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dc.contributor.authorHunt, Hilary
dc.date.accessioned2020-07-08T06:15:18Z
dc.date.available2020-07-08T06:15:18Z
dc.date.issued2020
dc.identifier.urihttp://hdl.handle.net/11343/241392
dc.description© 2020 Hilary Hunt
dc.description.abstractThroughout the average human lifespan, our hearts beat over 2 billion times. With each beat, calcium floods the cytoplasm of every heart cell, causing it to contract until calcium re-uptake allows the heart to relax, ready for the next beat. However, calcium is known to be critical in other cell functions, including growth. Calcium plays a central role in mediating hypertrophic signalling in ventricular cardiomyocytes on top of its contractile function. How intracellular calcium can encode several different, specific signals at once is not well understood. In heart cells, calcium release from ryanodine receptors (RyRs) triggers contraction. Under hypertrophic stimulation, calcium release from inositol 1,4,5-trisphosphate receptor (IP3R) channels modifies the calcium contraction signal, triggering dephosphorylation and nuclear import of the transcription factor nuclear factor of activated T cells (NFAT), with resulting gene expression linked to cell growth. Several hypotheses have been proposed as to how the modified cytosolic calcium contraction signal transmits the hypertrophic signal to downstream signalling proteins, including changes to amplitude, duration, duty cycle, and signal localisation. We investigate the form of these signals within the cardiac myocyte using mathematical modelling. Using a compartmental heart cell model, we show that the effect of calcium channel interaction on the global calcium signal supports the idea that increased calcium duty cycle is a plausible mechanism for IP3-dependent hypertrophic signalling in cardiomyocytes. A corresponding calcium signal within the nucleus must be present to maintain NFAT in the nucleus and thus allow NFAT to alter gene expression, initiating hypertrophic remodelling. Yet the nuclear membrane is permeable to calcium and this must all occur on a background of rising and falling calcium with each heartbeat. The mechanisms shaping calcium dynamics within the nucleus remain unclear. We use a spatial model of calcium diffusion into the nucleus to determine the effects of buffers and cytosolic transient shape on nuclear calcium dynamics. Using experimental data, we estimate the diffusion coefficient and the effects of buffers on nuclear [Ca2+]. Additionally, we explore the effects of altered cytosolic calcium transients and calcium release on nuclear calcium. To approximate experimental measurements of nuclear calcium, we find that there must be perinuclear Ca2+ release and nonlinear diffusion. Comparisons of 1D and 3D models of calcium in the nucleus suggest that spatial variation in calcium concentration within the nucleus will not have a large effect on calcium-mediated gene regulation. This work brings us closer to understanding the signalling pathway that leads to pathological hypertrophic cardiac remodelling.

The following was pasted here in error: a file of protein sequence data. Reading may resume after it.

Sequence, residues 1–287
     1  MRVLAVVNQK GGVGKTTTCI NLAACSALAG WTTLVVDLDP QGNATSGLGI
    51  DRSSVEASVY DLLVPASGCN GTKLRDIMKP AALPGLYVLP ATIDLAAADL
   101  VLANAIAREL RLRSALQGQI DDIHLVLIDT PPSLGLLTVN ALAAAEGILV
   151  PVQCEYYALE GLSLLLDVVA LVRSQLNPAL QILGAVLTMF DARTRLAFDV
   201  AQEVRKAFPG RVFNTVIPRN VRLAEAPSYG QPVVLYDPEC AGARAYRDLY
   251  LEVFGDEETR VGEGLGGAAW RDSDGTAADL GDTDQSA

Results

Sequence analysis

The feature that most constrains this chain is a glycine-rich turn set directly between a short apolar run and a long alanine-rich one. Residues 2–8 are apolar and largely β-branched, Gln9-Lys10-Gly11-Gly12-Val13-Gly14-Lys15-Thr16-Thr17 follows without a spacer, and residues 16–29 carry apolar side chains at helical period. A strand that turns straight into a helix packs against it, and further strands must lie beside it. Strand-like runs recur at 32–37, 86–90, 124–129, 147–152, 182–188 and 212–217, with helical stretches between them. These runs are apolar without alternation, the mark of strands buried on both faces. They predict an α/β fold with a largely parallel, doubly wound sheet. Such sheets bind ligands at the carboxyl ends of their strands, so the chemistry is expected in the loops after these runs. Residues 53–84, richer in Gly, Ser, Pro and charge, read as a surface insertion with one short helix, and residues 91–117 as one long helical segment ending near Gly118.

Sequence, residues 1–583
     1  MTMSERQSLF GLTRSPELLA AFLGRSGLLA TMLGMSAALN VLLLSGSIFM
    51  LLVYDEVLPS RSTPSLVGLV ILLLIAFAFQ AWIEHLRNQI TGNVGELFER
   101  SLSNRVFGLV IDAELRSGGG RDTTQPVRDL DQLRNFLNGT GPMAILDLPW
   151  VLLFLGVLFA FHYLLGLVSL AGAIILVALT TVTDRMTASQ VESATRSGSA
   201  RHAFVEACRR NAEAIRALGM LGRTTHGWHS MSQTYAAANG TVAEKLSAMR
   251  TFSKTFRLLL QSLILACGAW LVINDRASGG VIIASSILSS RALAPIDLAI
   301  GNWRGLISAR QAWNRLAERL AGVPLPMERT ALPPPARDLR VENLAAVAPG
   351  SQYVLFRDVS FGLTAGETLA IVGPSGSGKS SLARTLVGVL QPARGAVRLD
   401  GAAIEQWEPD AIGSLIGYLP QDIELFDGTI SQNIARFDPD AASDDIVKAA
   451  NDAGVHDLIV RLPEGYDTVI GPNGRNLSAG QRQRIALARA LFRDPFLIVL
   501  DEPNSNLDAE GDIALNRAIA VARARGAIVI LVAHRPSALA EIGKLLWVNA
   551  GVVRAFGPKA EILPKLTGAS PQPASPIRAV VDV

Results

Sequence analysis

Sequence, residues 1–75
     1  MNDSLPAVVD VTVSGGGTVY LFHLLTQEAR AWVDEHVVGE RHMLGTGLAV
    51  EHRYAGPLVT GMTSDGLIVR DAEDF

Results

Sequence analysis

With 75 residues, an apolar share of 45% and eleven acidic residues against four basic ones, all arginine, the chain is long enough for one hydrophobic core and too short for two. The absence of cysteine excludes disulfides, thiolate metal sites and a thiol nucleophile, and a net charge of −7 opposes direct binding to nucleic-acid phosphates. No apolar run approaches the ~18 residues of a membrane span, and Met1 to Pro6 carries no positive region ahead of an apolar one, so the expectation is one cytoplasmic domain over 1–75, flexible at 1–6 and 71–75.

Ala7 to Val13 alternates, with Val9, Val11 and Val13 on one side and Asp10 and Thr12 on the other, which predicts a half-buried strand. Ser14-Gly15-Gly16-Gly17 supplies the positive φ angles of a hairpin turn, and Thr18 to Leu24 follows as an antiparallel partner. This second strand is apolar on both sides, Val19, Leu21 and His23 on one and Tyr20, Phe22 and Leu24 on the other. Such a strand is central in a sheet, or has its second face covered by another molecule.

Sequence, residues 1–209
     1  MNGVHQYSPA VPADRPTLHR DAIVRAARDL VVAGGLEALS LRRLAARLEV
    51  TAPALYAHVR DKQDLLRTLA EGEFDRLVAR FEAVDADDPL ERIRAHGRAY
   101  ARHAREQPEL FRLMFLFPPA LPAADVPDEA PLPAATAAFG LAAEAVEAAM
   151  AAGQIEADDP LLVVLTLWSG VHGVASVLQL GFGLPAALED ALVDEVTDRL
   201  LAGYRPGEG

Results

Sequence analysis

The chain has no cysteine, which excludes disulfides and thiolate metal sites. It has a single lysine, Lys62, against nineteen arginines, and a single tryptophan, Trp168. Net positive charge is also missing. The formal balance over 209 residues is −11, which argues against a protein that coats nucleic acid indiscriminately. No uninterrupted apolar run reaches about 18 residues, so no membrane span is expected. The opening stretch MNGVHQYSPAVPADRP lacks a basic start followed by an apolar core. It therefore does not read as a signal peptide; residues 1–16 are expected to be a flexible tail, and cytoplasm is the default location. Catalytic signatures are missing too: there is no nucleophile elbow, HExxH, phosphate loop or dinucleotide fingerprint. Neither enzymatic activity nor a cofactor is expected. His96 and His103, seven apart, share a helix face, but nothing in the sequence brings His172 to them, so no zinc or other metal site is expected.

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dc.subjectcalcium signalling
dc.subjecthypertrophy
dc.subjectheart
dc.subjectcardiac
dc.subjectcardiac remodelling
dc.subjectcardiomyocyte
dc.subjectinositol 1,4,5-trisphosphate receptors
dc.subjectIP3R
dc.subjectnuclear calcium
dc.subjectcomputational
dc.subjectmodelling
dc.subjectnucleus
dc.subjectcalcium channels
dc.titleMathematical models of calcium signalling in the context of cardiac hypertrophy
dc.typePhD thesis
melbourne.affiliation.departmentSchool of Mathematics and Statistics
melbourne.affiliation.facultyScience
melbourne.thesis.supervisornameEdmund Crampin
melbourne.contributor.authorHunt, Hilary
melbourne.thesis.supervisorothernameVijayaraghavan Rajagopal
melbourne.tes.fieldofresearch1060114 Systems Biology
melbourne.tes.fieldofresearch2010302 Biological Mathematics
melbourne.tes.fieldofresearch3060111 Signal Transduction
melbourne.tes.confirmedtrue
melbourne.accessrightsOpen Access


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